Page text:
The research focused on three common agricultural species that represent different adaptive niches for dryland environments: chiltepin pepper, jalapeño, and cherry tomato. The researchers created an agrivoltaic system by planting these species under a PV array—3.3m off the ground at the lowest end and at a tilt of 32°—to capture the physical and biological impacts of this approach. Throughout the average three-month summer growing season, researchers monitored incoming light levels, air temperature and relative humidity continuously using sensors mounted 2.5m above the soil surface, and soil surface temperature and moisture at 5-cm depth. Both the traditional planting area (control) and agrivoltaic system received equal irrigation rates, with two irrigation scenarios—daily irrigation and irrigation every 2ays.
The researchers found that shading from the PV panels can provide multiple additive and synergistic benefits, including reduced plant drought stress, greater food production and reduced PV panel heat stress. The agrivoltaic system conditions impacted every aspect of plant activity, though results and significance varied by species. The total fruit production was twice as great under the PV panels of the agrivoltaic system than in the traditional growing environment
Cumulative CO2 uptake was 65% greater in the agrivoltaic installation than in the traditional growing area. Water use efficiency was also 65% greater, indicating that water loss to transpiration was equal between the treatment areas. The increased productivity in the agrivoltaic system is probably due to an alleviation of multiple stress interactions from heat and atmospheric drought.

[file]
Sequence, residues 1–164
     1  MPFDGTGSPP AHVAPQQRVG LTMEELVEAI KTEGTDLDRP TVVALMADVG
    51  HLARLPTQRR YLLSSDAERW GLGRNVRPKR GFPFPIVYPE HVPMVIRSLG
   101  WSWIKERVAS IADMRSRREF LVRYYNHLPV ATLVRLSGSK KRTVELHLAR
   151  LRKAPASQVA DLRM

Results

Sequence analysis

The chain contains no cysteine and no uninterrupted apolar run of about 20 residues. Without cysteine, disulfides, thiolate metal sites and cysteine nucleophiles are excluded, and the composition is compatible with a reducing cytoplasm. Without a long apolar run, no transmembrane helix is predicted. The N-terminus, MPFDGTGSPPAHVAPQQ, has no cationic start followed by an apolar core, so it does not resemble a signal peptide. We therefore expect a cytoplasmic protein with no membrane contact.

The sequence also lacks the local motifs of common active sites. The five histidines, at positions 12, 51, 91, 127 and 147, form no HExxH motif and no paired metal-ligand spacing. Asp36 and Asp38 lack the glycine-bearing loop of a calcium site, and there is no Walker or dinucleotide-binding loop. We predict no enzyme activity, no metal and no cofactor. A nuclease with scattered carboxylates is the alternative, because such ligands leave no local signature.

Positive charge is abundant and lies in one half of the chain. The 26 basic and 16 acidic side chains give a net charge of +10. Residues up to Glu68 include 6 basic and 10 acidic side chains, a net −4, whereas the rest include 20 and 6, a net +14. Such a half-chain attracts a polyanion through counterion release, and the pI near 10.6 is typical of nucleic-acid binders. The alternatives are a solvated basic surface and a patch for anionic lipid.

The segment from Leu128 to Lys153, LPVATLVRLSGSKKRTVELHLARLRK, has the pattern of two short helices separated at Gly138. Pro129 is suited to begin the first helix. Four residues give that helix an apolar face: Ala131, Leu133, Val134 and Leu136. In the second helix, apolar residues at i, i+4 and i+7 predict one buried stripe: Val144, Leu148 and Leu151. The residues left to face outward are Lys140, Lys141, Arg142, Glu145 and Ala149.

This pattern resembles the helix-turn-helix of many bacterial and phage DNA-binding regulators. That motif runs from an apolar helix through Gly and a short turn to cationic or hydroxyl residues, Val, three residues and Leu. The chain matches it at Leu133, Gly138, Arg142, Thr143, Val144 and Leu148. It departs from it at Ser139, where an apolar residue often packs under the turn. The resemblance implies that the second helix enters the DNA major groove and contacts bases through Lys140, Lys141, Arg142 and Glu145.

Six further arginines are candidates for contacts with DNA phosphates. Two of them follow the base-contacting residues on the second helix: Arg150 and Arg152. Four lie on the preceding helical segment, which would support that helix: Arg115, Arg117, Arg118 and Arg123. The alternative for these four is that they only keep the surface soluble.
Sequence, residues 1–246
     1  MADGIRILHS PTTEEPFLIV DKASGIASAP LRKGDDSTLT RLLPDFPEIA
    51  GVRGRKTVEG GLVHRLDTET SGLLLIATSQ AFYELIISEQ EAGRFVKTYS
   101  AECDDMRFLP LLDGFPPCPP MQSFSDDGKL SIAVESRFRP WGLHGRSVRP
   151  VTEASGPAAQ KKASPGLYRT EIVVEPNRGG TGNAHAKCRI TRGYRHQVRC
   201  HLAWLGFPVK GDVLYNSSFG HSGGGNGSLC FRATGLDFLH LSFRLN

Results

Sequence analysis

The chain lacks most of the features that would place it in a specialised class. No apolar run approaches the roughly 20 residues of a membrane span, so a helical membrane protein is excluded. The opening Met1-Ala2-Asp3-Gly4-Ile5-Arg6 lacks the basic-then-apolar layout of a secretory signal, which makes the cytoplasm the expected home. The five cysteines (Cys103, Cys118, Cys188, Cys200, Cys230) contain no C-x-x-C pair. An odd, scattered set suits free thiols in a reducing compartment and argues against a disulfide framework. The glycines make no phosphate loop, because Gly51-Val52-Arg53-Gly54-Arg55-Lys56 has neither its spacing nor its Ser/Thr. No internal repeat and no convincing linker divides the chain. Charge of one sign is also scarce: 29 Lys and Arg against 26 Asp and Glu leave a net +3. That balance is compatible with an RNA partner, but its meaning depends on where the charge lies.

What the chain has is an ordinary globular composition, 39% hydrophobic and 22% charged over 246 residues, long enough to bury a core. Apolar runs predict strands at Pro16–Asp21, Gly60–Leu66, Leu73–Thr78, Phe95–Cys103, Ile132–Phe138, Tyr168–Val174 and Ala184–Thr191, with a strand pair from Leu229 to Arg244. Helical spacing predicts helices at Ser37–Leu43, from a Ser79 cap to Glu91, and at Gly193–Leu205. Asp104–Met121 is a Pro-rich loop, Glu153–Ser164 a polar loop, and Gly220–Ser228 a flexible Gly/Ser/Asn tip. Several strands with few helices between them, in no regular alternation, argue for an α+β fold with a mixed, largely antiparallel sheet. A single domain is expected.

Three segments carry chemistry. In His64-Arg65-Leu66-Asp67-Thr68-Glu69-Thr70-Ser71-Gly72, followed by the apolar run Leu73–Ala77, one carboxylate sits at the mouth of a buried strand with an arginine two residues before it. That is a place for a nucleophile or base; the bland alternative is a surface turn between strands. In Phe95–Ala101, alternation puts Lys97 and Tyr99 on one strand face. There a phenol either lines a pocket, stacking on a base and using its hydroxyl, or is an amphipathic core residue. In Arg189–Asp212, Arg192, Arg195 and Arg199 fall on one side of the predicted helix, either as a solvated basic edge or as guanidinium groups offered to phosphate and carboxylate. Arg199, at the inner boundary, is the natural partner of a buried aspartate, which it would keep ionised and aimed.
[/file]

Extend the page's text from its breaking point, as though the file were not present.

Because PV panels are sensitive to temperature, the cooling of panels below daytime temperatures of 30 °C positively impacts their efficiency. In this study, researchers found that the PV panels in a traditional ground-mounted array were significantly warmer during the day and experienced greater within-day variation than those over an agrivoltaic understory. Researchers attribute these lower daytime temperatures in the PV panels in the agrivoltaic system to a greater balance of latent heat energy exchange from plant transpiration relative to sensible heat exchange from radiation from bare soil. Across the core growing season, PV panels in an agrivoltaic system were ~8.9+0.2 °C cooler in daylight hours. This reduction in temperature can lead to an increase in PV system performance. Using the system advisor model (SAM) for a traditional and a colocation PV system in Tucson, AZ, researchers calculated that impact from temperature reductions from the agrivoltaic system would lead to a 3% increase in generation over summer months and a 1% increase in generation annually.
These results show the additive benefits of agrivoltaics, to both crop production and energy production, as well as the impacts to ecosystem services such as local climate regulation, water conservation, and drought resiliency.